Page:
As if the all the responsibilities and expectations associated with becoming an intern weren’t enough, I’m also considering what it means to change from admiring someone, to becoming/being that person. I know not all medical students are this overawed, but I have always been fairly reverential of my interns and residents. I think there were three, in the whole last two years, that I didn’t respect, and many that I truly admired.

When I was little my family used to go to a week-long conference, and the children would go to a children’s version. There would be “teams” of 10-12 kids, of varying ages, with a team leader and assistant: teenagers who had had some training, and had chosen to spend the week preparing for and teaching a handful of not-always-cooperative children. As far back as I can remember, I adored those young people. I remember one young lady in particular. She was perfect. She was always smiling – such a pretty smile – happy to see us when we got there every evening; always prepared, with fun activities to do, or stories to listen to; her hair was gorgeous, and she did it in an intricate crown braid. She was always patient, never got upset (and I know now that I gave her plenty of provocation). She loved God, and it showed in everything she did. Ever since I realized that when I got older I could be a team leader too, I dreamed of being just like her.

And then one year, that was it: I was old enough, I could be a teacher now. The first year I was almost too shy to say hi to the children when they showed up. I let the team leader do everything; I sat in the corner, getting the paper crafts ready, and handing the glue around when called for. Eventually, I became a team leader; I learned to tell the stories, make up games, keep the children interested and enthusiastic, pray with them. In my own mind, I never equalled my heroine. But somehow I did become more like her than I had ever thought possible.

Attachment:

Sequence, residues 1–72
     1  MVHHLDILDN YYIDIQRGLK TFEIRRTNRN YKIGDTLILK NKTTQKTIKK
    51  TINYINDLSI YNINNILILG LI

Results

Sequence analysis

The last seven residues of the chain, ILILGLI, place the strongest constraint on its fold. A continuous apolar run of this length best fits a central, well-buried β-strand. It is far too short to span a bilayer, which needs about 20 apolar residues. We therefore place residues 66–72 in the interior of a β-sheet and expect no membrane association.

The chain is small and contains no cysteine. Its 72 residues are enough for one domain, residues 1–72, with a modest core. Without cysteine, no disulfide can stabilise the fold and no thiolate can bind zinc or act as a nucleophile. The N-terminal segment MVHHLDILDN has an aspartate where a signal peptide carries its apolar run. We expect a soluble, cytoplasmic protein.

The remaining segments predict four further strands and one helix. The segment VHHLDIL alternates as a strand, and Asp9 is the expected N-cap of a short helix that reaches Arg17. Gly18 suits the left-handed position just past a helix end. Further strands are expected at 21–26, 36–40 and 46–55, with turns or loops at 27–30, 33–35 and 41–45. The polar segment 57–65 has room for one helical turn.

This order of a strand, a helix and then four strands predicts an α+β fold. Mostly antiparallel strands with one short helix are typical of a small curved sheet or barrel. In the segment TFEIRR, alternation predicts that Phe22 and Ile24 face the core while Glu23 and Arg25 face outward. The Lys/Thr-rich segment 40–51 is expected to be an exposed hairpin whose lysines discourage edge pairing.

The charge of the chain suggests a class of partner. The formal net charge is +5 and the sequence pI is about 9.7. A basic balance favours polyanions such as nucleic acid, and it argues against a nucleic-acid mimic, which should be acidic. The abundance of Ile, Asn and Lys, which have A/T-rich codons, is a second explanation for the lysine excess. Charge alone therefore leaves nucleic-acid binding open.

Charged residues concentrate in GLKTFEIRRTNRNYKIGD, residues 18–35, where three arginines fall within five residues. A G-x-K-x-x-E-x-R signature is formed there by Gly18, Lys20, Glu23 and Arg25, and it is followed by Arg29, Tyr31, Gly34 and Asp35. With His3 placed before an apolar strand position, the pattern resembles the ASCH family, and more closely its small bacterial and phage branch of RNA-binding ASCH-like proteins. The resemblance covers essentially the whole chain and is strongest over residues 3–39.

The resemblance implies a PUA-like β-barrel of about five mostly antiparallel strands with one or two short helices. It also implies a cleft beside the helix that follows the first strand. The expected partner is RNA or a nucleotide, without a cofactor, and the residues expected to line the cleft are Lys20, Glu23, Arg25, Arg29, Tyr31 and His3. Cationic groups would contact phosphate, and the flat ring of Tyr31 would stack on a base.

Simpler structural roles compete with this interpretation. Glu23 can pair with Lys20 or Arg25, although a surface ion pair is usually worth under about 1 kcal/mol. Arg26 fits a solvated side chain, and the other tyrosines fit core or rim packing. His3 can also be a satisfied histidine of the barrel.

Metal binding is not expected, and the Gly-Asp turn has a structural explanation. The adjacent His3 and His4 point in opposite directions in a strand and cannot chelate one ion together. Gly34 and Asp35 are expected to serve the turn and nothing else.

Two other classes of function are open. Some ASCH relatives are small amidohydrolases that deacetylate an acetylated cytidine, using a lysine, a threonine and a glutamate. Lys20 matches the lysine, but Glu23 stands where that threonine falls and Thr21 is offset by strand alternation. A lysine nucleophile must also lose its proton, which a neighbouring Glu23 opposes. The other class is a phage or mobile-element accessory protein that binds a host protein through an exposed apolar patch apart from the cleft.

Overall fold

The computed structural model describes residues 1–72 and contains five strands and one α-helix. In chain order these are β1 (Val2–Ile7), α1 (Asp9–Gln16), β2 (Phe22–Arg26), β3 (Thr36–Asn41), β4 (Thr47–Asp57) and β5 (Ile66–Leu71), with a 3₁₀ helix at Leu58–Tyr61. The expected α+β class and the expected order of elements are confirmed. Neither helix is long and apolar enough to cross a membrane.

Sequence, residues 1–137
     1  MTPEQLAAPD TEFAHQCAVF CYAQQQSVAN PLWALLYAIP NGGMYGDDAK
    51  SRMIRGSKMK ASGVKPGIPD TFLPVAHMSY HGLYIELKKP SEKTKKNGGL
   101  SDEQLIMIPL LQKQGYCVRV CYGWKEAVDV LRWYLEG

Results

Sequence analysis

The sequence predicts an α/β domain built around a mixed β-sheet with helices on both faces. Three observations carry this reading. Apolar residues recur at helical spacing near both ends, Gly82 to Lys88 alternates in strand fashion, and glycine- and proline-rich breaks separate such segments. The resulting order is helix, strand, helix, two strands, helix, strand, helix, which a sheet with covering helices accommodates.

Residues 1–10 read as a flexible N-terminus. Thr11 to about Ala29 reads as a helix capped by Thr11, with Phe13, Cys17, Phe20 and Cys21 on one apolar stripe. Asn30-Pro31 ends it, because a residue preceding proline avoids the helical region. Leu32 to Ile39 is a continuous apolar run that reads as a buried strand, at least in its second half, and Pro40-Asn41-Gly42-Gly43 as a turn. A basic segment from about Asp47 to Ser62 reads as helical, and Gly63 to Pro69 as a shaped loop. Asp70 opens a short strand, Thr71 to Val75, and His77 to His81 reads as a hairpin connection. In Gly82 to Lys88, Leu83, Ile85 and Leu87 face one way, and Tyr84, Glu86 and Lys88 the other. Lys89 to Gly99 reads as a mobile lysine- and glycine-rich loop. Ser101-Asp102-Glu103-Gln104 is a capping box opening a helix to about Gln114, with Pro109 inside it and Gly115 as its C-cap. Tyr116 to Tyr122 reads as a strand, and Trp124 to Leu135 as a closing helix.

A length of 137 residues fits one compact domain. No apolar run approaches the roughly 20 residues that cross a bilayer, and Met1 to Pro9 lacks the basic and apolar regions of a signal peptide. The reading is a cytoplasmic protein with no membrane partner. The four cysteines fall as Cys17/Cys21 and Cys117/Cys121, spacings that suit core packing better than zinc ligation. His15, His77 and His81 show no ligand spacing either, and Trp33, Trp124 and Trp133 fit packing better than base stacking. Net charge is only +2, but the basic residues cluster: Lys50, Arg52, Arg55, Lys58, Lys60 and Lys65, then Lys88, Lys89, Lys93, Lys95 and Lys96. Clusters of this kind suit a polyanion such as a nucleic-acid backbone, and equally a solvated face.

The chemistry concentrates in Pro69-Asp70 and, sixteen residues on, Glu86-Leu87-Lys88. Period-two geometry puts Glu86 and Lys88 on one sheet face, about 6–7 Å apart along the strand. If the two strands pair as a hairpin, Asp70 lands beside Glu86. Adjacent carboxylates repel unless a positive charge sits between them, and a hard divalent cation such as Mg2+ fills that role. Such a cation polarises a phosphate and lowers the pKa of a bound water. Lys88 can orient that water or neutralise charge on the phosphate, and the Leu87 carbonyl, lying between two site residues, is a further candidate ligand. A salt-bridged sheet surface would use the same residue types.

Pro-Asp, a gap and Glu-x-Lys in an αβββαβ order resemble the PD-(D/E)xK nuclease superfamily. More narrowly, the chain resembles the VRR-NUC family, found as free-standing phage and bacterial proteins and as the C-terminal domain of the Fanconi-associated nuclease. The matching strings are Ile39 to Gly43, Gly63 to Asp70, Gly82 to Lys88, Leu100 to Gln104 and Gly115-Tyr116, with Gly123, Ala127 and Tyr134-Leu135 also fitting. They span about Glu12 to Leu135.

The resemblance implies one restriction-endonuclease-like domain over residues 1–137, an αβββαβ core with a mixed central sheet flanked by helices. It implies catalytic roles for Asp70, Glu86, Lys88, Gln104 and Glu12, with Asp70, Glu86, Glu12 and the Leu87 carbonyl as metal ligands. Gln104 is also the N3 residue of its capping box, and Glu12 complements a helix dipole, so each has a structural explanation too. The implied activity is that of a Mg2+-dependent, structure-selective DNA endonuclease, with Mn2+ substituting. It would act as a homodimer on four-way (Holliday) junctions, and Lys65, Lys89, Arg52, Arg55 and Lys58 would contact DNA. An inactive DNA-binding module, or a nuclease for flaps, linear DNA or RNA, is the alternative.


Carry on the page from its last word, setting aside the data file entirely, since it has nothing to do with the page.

When I think about the difference between being a medical student and an intern, there are two interns I remember particularly. There were two times in my medical school career where I made a serious mistake: the patients didn’t get really hurt, but that was more by good luck than by intelligence or forethought on my part. Both times, the interns got blamed for it, because they had been supervising me at the time. By any normal standard of judgment, it was my fault, and I deserved to be seriously chewed out, if not worse. Instead, the attendings mostly scolded the interns (and me just a little). Privately, I tried to apologize to the interns for getting them in such trouble. And they told me, “I am the doctor. Whatever happens to my patient is my responsibility. Whether the nurses missed something, or you messed something up, in the end I am responsible for whatever happens.” And they were serious; I never felt that they held those incidents against me. That level of personal responsibility and accountability was breathtaking at the time – and still is. I expect my medical students are going to be serious nuisances, and the odds are that they will get me in trouble. But that’s my problem, not theirs; I am the doctor, and I am responsible for my patients and my students – and my patients’ nurses, too.